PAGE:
The changes proposed are mostly to try and increase the wolf harvest in response to declining moose populations. That will certainly raise the ire for those who like wolves, and aren’t strongly pro-hunting.

Rather than the changes proposed, I’d like to see wolves managed under the auspices of a stand-alone wolf licence and for tags to be continued to issued, rather than having wolves lumped in with ‘small game’ and a simple season limit. Managing wolves using the proposed system will make it much more difficult to estimate hunting effort and wolf harvest, since everyone who buys a small game license will be allowed to shoot wolves (the mandatory reporting requirement means that if you shoot a wolf, you have to report it; MNRF is counting on hunter cooperation, but that’s a stretch). In addition, there has been no sampling or reporting of small game hunting for years in Ontario, so how many of those small game hunters actually put some effort into wolf hunting will be a mystery.

The other stupidity of not having a stand-alone wolf license is that one can’t hunt wolves with a small game license with a high-powered rifle, muzzleloader or shotgun loaded with slugs or large numbered shot when there is an open season for deer, moose, elk or black bear (all classed as ‘big game’ and managed by species specific hunting licences), unless one possess a valid hunting licence for one of those big game species.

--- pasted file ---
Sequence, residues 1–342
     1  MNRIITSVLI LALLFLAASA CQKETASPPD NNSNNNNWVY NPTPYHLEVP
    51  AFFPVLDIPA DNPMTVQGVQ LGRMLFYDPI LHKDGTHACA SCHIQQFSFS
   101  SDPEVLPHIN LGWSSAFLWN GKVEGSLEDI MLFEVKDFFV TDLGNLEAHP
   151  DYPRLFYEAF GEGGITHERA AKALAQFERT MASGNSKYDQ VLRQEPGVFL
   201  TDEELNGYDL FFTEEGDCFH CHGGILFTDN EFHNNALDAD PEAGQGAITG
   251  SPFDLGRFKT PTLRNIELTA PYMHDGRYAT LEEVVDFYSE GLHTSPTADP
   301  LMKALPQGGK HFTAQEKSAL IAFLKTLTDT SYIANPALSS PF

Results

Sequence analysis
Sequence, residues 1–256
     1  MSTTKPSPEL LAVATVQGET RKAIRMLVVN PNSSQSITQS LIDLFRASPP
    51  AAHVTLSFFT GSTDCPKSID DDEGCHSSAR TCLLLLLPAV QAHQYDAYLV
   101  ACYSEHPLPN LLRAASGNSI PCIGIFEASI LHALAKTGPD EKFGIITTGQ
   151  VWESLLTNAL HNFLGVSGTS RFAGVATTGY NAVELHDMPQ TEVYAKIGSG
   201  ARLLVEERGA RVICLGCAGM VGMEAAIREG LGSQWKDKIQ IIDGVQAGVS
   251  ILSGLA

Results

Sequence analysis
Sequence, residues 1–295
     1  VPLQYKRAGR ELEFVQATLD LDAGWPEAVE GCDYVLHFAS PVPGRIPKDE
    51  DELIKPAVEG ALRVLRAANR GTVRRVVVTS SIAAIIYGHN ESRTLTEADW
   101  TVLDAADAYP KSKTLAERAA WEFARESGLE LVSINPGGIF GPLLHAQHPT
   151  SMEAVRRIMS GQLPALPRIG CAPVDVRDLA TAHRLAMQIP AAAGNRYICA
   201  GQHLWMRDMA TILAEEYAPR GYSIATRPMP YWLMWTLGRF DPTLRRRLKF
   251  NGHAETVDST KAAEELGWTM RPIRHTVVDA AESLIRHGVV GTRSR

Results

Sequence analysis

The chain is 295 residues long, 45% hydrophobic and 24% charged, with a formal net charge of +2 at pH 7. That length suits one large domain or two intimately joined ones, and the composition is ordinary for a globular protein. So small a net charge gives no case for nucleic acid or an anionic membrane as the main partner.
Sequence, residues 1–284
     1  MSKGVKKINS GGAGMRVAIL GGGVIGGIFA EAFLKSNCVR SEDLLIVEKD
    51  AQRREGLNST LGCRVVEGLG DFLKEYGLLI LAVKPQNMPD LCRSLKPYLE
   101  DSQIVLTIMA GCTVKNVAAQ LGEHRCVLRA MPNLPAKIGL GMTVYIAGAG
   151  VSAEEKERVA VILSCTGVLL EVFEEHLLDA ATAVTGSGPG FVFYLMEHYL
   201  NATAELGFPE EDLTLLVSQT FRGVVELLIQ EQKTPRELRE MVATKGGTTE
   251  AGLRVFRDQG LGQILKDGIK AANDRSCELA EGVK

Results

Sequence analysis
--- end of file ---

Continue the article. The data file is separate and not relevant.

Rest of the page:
So if you are moose hunting and successfully fill your tag(s), (say on day 1 of a week-long hunt), you can’t shoot any wolves (because your licence(s) is/are no longer valid), even though the stated purpose of the regulatory change is to have more wolves shot to help out the declining moose population! At least not unless you have another valid big game license, or wait for all the big game seasons to close.

Given that wolves are an apex predator (meaning they are on the top of the food chain, killing and eating big game for survival ), it makes no sense to manage them as ‘small game’.

Poor policies result in poor management. It’s that simple.

BTW, I took the wolf photo just the other day when I was trying to photograph some otters. The wolf walked by within a 100 meters of me, and I was only about 30 m from Lil’s mom’s front doorstep.

otter-1

This time of year, there isn’t a lot of wildlife to see and photograph. So when Lil said there were several eagles and otters showing up every day in the open channel in front of her mum’s place, it didn’t take me long to decide to make the drive, have a visit, and tote along my camera gear. I’m glad I did.

When I arrived, there was nothing to be seen, but when Lil started to think about preparing lunch, eagles started to fly in, followed shortly by a pod of otters. A number of eagles showed up, mostly adults but one juvenile as well , and five otters.